Male Entitlement, Femiphobia, and Gendered Violence: Some Historical Aspects

Stream: Gendered Constructions: Critical Assessment and Tools for Change
Date: Thursday, 12 February 2015
Time: 11.00 am – 12.45 pm

Abstract

This paper examines an archaic Western trope that is deeply implicated in structural aspects of male entitlement and gendered violence. ‘The seed and the soil,’ first critically discussed by Carol Delaney (1977, 1991), permeates the ancient Hebrew, Greco-Roman, Christian, and Islamic histories that constitute the foundational narratives of Western culture. Via a critical-feminist, interdisciplinary, trans-historical, and trans-cultural approach, I suggest that, while neither necessarily universal nor continuous, variations on the theme of seed-and-soil have been transmitted via oral and written canon in the Western natural-philosophical tradition in much the same way as have other collective notions—of divinity, divinely ordained authority, private property, marriage, and slavery, for example, each of which maintains continuity as a category alongside intra-category variation. The argument goes that the subordination of women has produced powerful taboos on male femininity and that these taboos are non-causally associated with gendered violence. Furthermore, I suggest that taboos on male femininity have produced femiphobia, the culturally constructed fear of being perceived as feminine or of being feminine or feminised. If, as suspected, femiphobia is readily transformed (via projection of disowned feminine aspects) into anger toward and desire to punish the feminine, some femiphobic men may become perpetrators of gendered violence. It goes without saying that not all men are femiphobic and not all femiphobic men perpetrate violence.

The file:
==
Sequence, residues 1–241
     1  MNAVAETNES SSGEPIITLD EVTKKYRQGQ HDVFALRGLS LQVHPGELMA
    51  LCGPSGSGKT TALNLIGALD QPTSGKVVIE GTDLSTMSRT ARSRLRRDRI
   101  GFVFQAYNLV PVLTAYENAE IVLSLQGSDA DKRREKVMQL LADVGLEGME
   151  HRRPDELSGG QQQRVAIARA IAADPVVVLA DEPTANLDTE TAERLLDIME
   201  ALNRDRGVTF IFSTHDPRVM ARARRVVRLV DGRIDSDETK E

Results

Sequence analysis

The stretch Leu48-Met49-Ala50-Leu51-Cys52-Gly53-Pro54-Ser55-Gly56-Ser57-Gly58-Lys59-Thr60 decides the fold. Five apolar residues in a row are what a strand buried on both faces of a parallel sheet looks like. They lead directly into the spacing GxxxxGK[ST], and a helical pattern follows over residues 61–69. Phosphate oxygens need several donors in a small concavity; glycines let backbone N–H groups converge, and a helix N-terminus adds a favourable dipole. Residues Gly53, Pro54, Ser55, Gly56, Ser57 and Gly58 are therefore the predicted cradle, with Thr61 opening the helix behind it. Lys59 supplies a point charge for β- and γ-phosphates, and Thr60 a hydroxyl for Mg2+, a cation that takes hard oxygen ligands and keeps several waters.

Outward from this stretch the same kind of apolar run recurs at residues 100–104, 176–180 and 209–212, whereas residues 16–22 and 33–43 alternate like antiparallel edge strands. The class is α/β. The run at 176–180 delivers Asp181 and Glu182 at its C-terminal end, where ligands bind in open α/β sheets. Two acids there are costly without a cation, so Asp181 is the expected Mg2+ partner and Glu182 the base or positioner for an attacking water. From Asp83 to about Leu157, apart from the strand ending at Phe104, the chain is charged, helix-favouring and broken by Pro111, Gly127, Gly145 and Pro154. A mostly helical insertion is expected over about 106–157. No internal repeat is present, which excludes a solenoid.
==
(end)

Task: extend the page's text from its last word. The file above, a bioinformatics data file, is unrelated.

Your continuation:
Author

Lola Hill (Presenter), University of Melbourne
I am a writer and retired academic and psychologist with a PhD from Monash University. My published work includes four non-fiction books and numerous articles in scholarly, literary, and mainstream journals. My current doctoral dissertation is in Gender Studies at the University of Melbourne.